Now open: Chandni Chowk 2.0

With restoration work finally complete, shopkeepers and vendors who struggled during the lockdown in 2020 and 2021 hoped the tides will finally turn in their favour.

A four-year-old learning to cycle on a road free of vehicles, no overhead wires dangling across buildings, a clear view of the Red Fort — visitors to Chandni Chowk enjoyed a stroll across the 1.4-km revamped stretch that was inaugurated by Chief Minister Arvind Kejriwal on Sunday evening.

With restoration work finally complete, shopkeepers and vendors who struggled during the lockdown in 2020 and 2021 hoped the tides will finally turn in their favour. A bangle seller on the stretch said, “Aaj itne din baad customers dikh rahe hai (we are seeing customers after many days today).”

Signages have been set up in the area declaring it a non-motorised vehicle (NMV) zone from 9 am to 9 pm, and a map of the stretch has been installed near the entrance. The main gates were shut to vehicles and only pedestrians could walk in. Five eight-seater golf carts had also been assigned especially for the day and were being tried out as a ‘sample’.

The central verge which marks the segregation between the pedestrian zone and NMV lanes is adorned with planters, bollards, and sandstone seats. The colours and textures used for the redeveloped stretch mirror those of the Red Fort. The scramble crossing between Chandni Chowk and Red Fort too provides continuity in colour and theme.

Unveiling the name plaque near Gurdwara Sis Ganj, Kejriwal said Chandni Chowk was earlier associated with images of broken roads, electrical wires, and traffic snarls: “In the last three years, the Delhi government has carried out the redevelopment and beautification project in Chandni Chowk and it has been inaugurated today. It goes without saying that the people are loving it.”

Urban Development Minister Satyendar Jain, Food and Civil Supplies Minister Imran Hussain, MLA Parlad Singh Sawhney and senior officials of PWD were also present at the inauguration.

Kejriwal added that the stretch from Red Fort to Fatehpuri Mosque has been beautified, the traffic problem has been resolved, CCTVs have been installed, and electrical wires taken underground.

“We have more plans to develop Chandni Chowk as a tourist spot. In the coming months, these plans will be finalised and we’ll keep implementing them. This beautification project has been a great success, and I congratulate the people of Delhi for witnessing this development. We have noticed that pedestrians come here at night to experience the deep-rooted legacy of these streets. We plan on further extending services of street food stalls to develop the area into a night tourism spot. People will be able to enjoy themselves here even after the markets shut till around 12 am,” he said.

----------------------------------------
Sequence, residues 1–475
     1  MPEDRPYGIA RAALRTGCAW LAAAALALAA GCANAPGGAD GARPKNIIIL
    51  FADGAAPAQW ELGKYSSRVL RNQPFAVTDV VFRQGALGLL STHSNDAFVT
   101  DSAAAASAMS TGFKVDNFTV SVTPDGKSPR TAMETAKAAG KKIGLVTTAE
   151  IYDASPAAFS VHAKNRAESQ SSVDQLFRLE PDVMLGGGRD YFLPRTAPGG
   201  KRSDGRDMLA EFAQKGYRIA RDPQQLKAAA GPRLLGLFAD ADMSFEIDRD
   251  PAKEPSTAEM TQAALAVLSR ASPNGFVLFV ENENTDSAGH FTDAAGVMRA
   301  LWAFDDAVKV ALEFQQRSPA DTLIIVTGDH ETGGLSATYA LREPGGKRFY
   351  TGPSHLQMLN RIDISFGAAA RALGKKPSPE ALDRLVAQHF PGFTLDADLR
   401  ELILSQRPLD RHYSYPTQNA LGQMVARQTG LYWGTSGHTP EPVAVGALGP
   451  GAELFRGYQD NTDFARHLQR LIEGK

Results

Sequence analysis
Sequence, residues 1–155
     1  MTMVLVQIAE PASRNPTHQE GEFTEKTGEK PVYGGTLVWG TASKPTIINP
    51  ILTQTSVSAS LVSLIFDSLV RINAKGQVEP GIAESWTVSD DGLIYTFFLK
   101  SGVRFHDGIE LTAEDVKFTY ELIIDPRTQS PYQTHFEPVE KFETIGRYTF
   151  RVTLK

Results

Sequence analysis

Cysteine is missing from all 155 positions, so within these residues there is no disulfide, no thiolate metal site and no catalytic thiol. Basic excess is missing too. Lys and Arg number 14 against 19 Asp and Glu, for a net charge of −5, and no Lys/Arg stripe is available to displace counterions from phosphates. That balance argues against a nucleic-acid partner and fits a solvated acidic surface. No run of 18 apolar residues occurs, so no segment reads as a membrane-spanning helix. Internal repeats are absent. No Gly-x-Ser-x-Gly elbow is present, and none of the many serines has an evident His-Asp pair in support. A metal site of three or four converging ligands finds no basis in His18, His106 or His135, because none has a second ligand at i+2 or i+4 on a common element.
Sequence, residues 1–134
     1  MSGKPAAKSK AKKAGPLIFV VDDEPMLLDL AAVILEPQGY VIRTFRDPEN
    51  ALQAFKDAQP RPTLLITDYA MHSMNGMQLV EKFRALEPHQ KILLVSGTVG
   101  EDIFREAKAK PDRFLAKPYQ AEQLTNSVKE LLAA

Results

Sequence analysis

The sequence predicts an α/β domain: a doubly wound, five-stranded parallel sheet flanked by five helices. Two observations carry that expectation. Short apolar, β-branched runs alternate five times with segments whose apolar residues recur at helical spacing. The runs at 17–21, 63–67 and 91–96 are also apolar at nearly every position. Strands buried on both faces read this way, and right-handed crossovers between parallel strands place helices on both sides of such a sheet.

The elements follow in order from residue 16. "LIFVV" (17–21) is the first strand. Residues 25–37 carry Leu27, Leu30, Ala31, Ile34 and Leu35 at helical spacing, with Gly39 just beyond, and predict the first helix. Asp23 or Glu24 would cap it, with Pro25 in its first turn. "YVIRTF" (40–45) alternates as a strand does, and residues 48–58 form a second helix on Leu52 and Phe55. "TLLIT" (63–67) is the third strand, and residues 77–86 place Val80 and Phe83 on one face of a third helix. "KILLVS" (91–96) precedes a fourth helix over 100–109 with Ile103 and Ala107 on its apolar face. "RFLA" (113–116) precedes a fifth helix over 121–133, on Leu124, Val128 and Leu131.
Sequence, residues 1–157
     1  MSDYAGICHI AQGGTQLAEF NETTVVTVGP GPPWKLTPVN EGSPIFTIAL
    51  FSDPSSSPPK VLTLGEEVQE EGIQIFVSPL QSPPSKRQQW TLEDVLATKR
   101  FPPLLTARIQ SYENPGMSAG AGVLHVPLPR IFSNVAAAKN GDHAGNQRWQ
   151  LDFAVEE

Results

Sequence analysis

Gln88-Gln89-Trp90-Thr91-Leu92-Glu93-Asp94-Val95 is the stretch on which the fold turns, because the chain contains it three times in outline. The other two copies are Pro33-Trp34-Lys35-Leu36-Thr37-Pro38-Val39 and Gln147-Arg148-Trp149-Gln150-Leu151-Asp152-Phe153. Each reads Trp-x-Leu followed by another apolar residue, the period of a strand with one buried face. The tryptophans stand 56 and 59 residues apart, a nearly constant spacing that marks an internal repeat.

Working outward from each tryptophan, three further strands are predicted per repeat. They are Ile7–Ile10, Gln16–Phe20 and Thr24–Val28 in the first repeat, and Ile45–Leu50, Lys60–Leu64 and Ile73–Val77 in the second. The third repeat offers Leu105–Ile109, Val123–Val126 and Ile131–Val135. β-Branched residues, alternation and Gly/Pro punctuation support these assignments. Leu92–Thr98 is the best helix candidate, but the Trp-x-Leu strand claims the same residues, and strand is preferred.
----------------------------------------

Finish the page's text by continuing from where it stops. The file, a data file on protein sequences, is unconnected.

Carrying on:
“Wherever people face problems in the area, we will take note and fix them locally. As for waterlogging, we have said earlier as well that the drainage system throughout Delhi needs to be fixed. We got this idiosyncratic drainage system as a gift from the previous governments… But I can assure you after some years, you won’t see waterlogging anywhere in Delhi,” the CM added.

Almost all the vendors and workers in the area said they faced losses because of the construction work in front of their shops, coupled with the lockdowns, and hoped business will improve in the coming days. Others, however, believed their business is fully dependent on when international travel resumes and if there is a third Covid wave or not.

Meanwhile, 108 revamped rickshaws — with specially designed seats and painted red — have been given permission to ply in the area for now. Numbers have been assigned to each of them and they were asked to get licences from the North MCD.

Ashok Kumar (40) got his revamped rickshaw just yesterday. During the lockdown this year, he had to go back to his hometown in Lucknow. “Now I think we will finally be able to attract more customers,” he said.

However, uncertainties prevailed among those rickshaw pullers who are yet been allowed to ply in the area. According to them, there are around 2,000 rickshaw drivers and only a few are able to continue working.

Shivraj Bisht (35) said he has a licence but has not been given a number: “Those who have been plying their old rickshaws are getting fined Rs 200 each. How are the rest of us expected to run our families if we are left without a job?”

A fight also broke out between a rickshaw driver and someone who was driving the electric golf cart. Someone in the area said, “They have been fighting since last night as the rickshaw drivers are afraid they will be left unemployed because of the new rules and regulations.”

The transport department had recently been asked to finalise the procurement and design of electric golf carts to discourage private vehicles in the area.

Source: Read Full Article